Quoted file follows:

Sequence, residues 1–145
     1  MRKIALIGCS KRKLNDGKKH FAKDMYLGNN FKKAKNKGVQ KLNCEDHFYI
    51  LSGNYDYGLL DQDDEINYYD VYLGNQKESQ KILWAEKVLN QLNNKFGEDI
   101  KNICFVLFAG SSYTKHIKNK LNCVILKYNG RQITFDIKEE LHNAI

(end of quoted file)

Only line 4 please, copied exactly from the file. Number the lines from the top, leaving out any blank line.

   101  KNICFVLFAG SSYTKHIKNK LNCVILKYNG RQITFDIKEE LHNAI